Wednesday's hearing comes as Judiciary Committee Chairman Lamar Smith (R-Texas), the lead sponsor of the bill in the lower chamber, is soliciting feedback as he prepares to introduce legislation that would modify provisions in the patent reform act to ease the process of implementation and address concerns that have been raised by some industry and academic groups.
A panel of witnesses from various corners of the intellectual property community who testified after Kappos affirmed the director's assertion that the U.S. PTO rulemakings have been transparent, and each credited the agency for keeping an open door throughout the process, though some expressed concerns over some of the technical measures in the bill.
Those objections include the proposed rulemakings concerning post-grant reviews and inter partes reviews, which some of the witnesses worry are not drawn narrowly enough, potentially leaving patent holders susceptible to costly legal actions.
With the patent reform bill now the law of the land, the U.S. PTO has also been engaging with foreign governments in an effort to iron out the differences among various nations' systems for recognizing intellectual property.
"With adoption of the AIA congress has enabled the U.S. PTO to promote a new vision of an IP world in which national and regional patent systems are coordinated to create an optimal environment for technological innovation globally," he said. "Passage of the AIA has provided an opportunity to restart long-stalled discussions with our foreign counterparts toward substantive harmonization that will help U.S. businesses succeed in the global business environment."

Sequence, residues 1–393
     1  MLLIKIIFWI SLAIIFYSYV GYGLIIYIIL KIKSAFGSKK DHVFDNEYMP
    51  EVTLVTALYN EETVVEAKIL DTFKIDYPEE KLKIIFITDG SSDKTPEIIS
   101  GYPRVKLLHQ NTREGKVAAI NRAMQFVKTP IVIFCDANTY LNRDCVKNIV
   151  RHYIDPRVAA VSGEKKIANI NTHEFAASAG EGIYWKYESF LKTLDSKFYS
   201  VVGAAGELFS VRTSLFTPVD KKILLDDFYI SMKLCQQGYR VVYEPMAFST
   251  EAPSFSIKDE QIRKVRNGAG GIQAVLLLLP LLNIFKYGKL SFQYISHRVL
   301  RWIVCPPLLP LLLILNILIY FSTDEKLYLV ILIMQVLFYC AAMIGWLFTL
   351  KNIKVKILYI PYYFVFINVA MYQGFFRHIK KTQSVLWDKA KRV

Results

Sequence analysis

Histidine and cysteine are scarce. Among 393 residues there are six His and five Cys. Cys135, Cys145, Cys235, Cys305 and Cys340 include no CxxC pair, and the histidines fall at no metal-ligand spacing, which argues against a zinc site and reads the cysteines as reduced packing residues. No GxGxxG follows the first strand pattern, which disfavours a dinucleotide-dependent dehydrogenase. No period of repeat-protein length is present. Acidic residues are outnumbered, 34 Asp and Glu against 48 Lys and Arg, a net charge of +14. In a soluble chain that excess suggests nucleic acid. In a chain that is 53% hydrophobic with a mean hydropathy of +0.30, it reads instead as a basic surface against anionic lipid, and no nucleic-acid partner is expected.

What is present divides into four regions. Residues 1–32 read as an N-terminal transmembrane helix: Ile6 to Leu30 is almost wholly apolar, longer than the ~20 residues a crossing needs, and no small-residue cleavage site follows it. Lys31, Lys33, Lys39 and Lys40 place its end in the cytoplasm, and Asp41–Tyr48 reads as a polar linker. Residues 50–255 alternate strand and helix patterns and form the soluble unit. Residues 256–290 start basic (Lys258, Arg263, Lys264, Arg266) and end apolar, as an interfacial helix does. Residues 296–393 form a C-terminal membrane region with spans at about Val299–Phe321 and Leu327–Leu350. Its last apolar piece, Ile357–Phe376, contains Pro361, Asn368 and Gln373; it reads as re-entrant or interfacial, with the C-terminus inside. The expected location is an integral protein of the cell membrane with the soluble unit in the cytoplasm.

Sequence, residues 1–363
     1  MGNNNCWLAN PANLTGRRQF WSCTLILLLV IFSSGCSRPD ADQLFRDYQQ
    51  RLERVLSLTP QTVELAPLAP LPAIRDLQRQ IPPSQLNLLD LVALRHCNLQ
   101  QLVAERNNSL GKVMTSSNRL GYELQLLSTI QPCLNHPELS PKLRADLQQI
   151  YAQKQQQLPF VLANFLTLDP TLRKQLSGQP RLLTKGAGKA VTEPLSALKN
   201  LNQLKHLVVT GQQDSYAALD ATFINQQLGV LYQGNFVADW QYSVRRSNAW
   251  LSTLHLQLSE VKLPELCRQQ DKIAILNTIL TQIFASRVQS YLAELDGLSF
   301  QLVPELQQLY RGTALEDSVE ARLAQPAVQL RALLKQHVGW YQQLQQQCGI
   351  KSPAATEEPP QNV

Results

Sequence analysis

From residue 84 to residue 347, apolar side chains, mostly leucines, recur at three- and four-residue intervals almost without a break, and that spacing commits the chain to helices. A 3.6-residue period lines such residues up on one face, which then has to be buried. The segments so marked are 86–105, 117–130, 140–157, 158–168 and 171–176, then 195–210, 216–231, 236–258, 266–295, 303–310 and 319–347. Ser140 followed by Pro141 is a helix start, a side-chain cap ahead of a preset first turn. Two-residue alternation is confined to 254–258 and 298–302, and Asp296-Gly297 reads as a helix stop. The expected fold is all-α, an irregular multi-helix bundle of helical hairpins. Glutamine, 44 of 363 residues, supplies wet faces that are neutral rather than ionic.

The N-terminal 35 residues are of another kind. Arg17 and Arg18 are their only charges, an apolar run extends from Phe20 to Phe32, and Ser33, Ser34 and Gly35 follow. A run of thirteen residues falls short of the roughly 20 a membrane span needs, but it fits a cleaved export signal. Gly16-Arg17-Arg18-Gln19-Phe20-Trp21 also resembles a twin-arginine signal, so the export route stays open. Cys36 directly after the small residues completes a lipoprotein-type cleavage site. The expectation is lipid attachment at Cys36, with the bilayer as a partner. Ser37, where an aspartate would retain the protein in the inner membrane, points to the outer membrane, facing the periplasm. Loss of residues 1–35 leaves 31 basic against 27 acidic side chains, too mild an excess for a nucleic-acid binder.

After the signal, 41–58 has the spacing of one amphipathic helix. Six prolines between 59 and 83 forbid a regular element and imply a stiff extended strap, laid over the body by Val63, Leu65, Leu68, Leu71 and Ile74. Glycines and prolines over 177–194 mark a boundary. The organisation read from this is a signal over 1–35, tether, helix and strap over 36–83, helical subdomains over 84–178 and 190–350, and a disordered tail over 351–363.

"We are making quite considerable progress with our trading partners overseas on harmonization," he added.
Additionally, in an effort to decentralize the domestic operations of the U.S. PTO, the bill authorized the agency to open satellite offices around the country. Kappos said that the first U.S. PTO satellite office is slated to open in Detroit in July, and the agency is currently entertaining proposals for where to stand up two additional offices.
Certain provisions in the patent reform bill were also aimed at curbing frivolous lawsuits brought by so-called non-practicing entities, often known as patent trolls, a derisive term referring to individuals or organizations who seek to exercise their patent rights to win monetary damages through lawsuits against alleged infringers, rather than using the intellectual property to bring a product to market.
This is a particularly common practice in the tech sector, but Kappos, asked about what some have described as excessive litigation, drew a distinction between the activity of patent trolls and the lawsuits that legitimate companies have brought against one another, particularly in the segment of mobile devices.
"I don't think there is any reason to believe that either copyright or patent lawsuits of the kind that we're seeing in the so-called smartphone wars are a sign of stifling technological innovation. In fact, much to the contrary, we've seen this movie before. We've seen this movie many times before," Kappos said.
"It starts with fundamental technological innovation that's transformative in nature, then others come along and want to do incremental innovation on top of it," he said. "The original innovators -- let's say the Apples of the world as an example -- companies that everyone would say have made transformative changes in our lives, have intellectual property positions resulting from massive investments. They seek to enforce those positions, level the playing field in some way, and you have a dust-up like we're seeing right now. I do not believe that it's a sign that there's anything at all wrong with the innovation environment in the U.S. In fact, I think it's a byproduct of a very healthy overall innovation environment. These things happen. They sort themselves out."
Kenneth Corbin is a Washington, D.C.-based writer who covers government and regulatory issues for CIO.com.